Epithelial-mesenchymal transformation (EMT) and the resulting induction of cell motility are essential components of tissue remodeling during embryonic development and wound repair, as well as tumor progression to an invasive metastatic phenotype. Paxillin, a multi-domain adaptor and phosphoprotein has previously been implicated in integrin signaling and cell motility. In this report we characterize a novel paxillin gene product, paxillin delta, generated from an evolutionarily conserved internal translation initiation site within the full-length paxillin mRNA. Paxillin delta, which lacks the key phosphorylation sites Y31 and Y118 as well as the ILK and actopaxin binding LD1 motif, exhibits a restricted distribution to epithelial cell types and is downregulated during TGF-beta1-induced EMT of normal murine mammary gland (NMuMG) epithelial cells. Interestingly, Hic-5, a paxillin superfamily member, exhibits a reciprocal protein expression profile to paxillin delta. In addition, paxillin delta expression is maintained following NMuMG differentiation in a 3D collagen I gel while other focal adhesion components are downregulated. Paxillin delta protein expression coincided with reduced paxillin tyrosine phosphorylation in NMuMG cells and paxillin delta overexpression in CHO.K1 cells inhibited adhesion-mediated tyrosine phosphorylation of paxillin. Forced expression of paxillin delta in NMuMG cells suppressed cell migration whereas Hic-5 overexpression stimulated motility. Together our data support a role for paxillin delta as a naturally occurring functional antagonist of paxillin signaling potentially through suppression of a Crk-mediated pathway during processes associated with cell migration.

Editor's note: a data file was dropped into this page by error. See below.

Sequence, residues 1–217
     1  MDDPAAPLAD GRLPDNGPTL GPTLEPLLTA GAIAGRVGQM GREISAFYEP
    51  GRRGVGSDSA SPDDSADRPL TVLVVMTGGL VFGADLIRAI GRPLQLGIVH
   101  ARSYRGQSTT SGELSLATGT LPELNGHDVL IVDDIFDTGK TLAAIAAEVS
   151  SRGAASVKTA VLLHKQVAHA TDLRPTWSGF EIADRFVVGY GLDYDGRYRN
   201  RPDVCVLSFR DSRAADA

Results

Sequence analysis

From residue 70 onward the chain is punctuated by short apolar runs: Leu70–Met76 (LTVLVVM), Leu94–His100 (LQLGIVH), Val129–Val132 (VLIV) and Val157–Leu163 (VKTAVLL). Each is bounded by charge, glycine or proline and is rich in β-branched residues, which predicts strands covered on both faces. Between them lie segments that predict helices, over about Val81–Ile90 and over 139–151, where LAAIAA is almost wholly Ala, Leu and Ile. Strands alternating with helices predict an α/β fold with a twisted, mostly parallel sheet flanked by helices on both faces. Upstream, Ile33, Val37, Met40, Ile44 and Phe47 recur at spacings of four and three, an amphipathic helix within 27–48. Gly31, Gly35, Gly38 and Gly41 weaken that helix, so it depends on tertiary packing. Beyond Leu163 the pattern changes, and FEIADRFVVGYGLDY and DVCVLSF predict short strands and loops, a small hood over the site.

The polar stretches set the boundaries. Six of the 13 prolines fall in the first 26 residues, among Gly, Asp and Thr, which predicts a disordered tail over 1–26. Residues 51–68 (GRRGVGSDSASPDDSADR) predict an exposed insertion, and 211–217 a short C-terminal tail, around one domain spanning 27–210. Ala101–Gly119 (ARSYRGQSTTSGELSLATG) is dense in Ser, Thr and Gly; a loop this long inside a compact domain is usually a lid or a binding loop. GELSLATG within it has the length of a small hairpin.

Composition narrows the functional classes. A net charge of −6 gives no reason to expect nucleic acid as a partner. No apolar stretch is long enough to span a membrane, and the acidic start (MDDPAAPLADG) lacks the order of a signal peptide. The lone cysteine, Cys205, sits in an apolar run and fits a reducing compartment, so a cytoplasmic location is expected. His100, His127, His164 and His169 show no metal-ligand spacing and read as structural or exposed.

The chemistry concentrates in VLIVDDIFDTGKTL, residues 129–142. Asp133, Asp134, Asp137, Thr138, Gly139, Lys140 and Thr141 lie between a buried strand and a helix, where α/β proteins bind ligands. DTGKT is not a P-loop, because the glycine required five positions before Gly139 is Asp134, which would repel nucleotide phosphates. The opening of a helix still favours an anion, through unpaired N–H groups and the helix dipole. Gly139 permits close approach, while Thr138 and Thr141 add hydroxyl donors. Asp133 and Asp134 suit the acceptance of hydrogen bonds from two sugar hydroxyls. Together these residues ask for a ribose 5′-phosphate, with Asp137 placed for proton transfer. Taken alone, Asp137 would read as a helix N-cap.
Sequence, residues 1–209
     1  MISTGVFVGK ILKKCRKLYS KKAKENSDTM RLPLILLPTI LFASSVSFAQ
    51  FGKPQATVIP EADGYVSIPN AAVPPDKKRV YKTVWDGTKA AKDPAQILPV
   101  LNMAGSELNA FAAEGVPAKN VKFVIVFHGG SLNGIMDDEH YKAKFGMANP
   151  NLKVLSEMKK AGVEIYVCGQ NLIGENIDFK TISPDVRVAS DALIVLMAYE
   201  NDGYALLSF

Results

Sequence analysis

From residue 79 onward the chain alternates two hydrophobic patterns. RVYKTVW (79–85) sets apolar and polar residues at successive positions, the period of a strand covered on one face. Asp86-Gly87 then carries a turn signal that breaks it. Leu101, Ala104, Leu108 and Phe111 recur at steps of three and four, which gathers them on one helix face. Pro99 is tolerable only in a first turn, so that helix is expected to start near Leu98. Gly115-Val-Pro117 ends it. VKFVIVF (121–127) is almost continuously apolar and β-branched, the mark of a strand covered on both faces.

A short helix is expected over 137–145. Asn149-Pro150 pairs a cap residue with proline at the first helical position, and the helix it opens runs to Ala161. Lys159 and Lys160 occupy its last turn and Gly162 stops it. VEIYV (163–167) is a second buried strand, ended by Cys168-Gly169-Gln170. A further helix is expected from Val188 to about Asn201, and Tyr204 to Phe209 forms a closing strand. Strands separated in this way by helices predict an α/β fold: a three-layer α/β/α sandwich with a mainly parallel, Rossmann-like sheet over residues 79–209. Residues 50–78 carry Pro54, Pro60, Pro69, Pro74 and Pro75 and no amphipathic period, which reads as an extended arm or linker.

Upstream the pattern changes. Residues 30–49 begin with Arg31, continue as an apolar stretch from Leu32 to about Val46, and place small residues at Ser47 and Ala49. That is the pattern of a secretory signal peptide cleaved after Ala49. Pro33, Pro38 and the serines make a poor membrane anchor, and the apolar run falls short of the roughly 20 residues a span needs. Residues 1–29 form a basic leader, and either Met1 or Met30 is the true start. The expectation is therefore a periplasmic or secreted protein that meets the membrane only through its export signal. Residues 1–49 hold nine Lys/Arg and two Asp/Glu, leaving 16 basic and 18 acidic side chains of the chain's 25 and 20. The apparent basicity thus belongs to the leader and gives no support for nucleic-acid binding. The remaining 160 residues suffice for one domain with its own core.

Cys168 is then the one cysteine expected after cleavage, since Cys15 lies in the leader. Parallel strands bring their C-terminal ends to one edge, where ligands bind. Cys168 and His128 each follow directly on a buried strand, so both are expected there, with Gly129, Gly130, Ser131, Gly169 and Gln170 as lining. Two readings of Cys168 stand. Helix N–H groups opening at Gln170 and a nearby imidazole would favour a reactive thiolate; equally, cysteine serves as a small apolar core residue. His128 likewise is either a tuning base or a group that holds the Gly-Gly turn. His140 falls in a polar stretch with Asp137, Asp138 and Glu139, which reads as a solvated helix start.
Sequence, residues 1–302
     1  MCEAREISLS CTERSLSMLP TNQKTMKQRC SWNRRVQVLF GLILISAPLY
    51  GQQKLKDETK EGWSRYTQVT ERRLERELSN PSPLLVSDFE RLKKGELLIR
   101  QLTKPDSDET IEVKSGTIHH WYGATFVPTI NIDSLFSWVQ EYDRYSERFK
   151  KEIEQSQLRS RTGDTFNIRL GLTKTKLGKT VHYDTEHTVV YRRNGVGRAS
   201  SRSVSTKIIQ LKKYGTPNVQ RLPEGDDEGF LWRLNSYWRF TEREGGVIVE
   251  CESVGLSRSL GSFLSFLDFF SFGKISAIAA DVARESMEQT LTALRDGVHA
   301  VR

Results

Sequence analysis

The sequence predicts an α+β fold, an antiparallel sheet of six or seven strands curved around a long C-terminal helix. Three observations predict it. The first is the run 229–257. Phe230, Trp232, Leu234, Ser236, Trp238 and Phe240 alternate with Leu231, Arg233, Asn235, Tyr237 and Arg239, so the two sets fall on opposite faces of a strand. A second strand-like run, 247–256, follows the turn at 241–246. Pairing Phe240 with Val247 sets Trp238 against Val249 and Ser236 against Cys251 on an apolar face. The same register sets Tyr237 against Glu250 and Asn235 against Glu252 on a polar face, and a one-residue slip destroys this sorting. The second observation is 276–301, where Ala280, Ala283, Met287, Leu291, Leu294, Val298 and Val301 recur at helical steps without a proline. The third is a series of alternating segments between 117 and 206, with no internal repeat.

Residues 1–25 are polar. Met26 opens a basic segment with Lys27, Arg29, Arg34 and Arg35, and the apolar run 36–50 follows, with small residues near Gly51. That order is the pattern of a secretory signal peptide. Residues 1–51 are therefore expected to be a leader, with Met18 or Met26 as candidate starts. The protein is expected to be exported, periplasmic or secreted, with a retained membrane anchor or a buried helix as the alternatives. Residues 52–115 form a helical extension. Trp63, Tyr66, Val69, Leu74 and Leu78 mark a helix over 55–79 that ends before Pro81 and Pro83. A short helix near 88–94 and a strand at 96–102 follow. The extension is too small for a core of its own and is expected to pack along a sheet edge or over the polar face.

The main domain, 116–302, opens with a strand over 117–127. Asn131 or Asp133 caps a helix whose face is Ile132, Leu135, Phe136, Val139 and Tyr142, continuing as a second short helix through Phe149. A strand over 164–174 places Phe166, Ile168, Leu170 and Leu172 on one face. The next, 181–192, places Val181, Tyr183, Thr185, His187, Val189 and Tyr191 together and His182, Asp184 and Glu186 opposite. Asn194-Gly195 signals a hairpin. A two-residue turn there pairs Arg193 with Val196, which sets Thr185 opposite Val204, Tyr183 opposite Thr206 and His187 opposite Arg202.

Full text not available from this repository.

More information

Published date: October 2005
Keywords: Cell migration actin cytoskeleton, focal adhesion, crk, tyrosine phosphorylation, hic-5
Organisations: Centre for Biological Sciences

Identifiers

Local EPrints ID: 362405
URI: http://eprints.soton.ac.uk/id/eprint/362405
ISSN: 0021-9533
PURE UUID: 395e8857-3222-4363-a8d0-ca3c4f27a33e
ORCID for David A. Tumbarello: ORCID iD orcid.org/0000-0002-5169-0561

Catalogue record

Date deposited: 22 Aug 2014 10:13
Last modified: 05 Nov 2019 01:36

Export record

Altmetrics

Contributors

Author: Michael C. Brown
Author: Sara E. Hetey
Author: Christopher E. Turner

University divisions

Download statistics

Downloads from ePrints over the past year. Other digital versions may also be available to download e.g. from the publisher's website.

View more statistics

Atom RSS 1.0 RSS 2.0

Contact ePrints Soton: eprints@soton.ac.uk

ePrints Soton supports OAI 2.0 with a base URL of http://eprints.soton.ac.uk/cgi/oai2

This repository has been built using EPrints software, developed at the University of Southampton, but available to everyone to use.

We use cookies to ensure that we give you the best experience on our website. If you continue without changing your settings, we will assume that you are happy to receive cookies on the University of Southampton website.

×